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Human Rights (Parliamentary Scrutiny) Act 2011

Authoritative Version
  • - C2011A00186
  • In force - Superseded Version
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Act No. 186 of 2011 as made
An Act to establish a Parliamentary Joint Committee on Human Rights, and for related purposes
Administered by: Attorney-General's
Originating Bill: Human Rights (Parliamentary Scrutiny) Bill 2010 [2]
Registered 20 Dec 2011
Date of Assent 07 Dec 2011
Table of contents.

 

 

 

 

 

 

Human Rights (Parliamentary Scrutiny) Act 2011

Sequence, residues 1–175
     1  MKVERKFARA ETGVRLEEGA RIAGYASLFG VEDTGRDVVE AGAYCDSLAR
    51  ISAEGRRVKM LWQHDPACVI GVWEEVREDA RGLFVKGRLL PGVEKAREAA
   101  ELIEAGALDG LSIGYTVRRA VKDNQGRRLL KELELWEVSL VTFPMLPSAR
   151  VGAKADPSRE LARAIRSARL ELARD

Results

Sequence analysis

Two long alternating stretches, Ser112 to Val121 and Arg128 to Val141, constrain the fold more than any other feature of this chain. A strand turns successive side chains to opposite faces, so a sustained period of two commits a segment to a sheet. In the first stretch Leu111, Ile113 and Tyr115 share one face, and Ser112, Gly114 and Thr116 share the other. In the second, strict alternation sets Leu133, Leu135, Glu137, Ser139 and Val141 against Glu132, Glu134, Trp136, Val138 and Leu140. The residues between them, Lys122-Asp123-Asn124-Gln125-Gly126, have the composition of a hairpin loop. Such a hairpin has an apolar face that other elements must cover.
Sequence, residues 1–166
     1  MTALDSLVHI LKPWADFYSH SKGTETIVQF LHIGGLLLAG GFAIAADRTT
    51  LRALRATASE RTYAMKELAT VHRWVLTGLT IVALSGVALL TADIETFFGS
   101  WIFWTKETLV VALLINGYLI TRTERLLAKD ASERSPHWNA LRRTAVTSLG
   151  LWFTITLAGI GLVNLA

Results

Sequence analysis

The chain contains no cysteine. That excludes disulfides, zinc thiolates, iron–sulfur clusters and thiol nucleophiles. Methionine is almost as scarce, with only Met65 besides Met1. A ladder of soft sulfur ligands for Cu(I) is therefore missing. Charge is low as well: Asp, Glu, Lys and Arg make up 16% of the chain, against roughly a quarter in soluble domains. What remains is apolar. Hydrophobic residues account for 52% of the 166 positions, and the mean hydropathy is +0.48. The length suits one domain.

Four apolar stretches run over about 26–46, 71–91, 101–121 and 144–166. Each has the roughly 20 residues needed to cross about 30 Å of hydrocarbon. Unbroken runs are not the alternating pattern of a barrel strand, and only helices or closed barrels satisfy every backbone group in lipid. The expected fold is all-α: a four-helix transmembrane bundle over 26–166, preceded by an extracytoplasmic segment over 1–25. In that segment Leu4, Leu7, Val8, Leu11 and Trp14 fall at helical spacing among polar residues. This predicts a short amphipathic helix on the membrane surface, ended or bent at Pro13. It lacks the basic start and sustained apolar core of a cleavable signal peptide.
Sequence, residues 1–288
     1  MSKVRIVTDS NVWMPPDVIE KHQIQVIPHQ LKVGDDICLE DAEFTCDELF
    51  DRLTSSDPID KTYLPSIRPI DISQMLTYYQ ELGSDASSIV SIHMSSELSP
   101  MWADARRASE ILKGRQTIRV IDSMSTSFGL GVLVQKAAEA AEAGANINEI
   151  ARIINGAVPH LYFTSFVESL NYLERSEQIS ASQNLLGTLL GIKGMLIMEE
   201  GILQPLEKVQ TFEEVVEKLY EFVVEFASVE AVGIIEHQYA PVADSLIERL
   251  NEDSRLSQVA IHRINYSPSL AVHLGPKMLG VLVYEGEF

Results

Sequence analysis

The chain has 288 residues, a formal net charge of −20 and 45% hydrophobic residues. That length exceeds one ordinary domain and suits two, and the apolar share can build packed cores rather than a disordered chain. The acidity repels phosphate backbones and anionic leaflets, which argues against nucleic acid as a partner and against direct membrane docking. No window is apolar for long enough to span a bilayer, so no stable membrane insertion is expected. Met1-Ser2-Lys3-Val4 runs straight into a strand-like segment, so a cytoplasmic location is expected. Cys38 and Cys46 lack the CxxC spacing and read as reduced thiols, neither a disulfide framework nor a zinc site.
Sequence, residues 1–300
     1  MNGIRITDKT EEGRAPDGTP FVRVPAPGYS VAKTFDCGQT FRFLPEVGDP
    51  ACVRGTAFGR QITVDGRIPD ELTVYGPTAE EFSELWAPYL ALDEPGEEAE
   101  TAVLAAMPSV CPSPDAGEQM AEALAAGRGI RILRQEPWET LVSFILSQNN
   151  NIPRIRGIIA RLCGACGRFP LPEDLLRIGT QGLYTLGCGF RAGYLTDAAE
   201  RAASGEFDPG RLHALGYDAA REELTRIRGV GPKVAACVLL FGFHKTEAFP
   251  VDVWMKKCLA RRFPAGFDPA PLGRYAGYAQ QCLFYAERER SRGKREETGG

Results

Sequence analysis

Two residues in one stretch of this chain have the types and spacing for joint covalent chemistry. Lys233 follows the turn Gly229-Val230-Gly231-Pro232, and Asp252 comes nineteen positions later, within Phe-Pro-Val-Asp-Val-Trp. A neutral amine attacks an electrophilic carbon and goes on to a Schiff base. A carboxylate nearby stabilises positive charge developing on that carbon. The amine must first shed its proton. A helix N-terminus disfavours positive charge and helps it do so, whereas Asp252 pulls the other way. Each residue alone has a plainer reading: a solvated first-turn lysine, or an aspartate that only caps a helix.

No. 186, 2011

 

 

 

 

 

An Act to establish a Parliamentary Joint Committee on Human Rights, and for related purposes

  

  

  


Contents

Part 1—Preliminary                                                                                                             2

1............ Short title............................................................................................. 2

2............ Commencement................................................................................... 2

3............ Definitions.......................................................................................... 2

Part 2—Parliamentary Joint Committee on Human Rights                        4

4............ Parliamentary Joint Committee on Human Rights............................... 4

5............ Membership of the Committee............................................................ 4

6............ Powers and proceedings of the Committee......................................... 5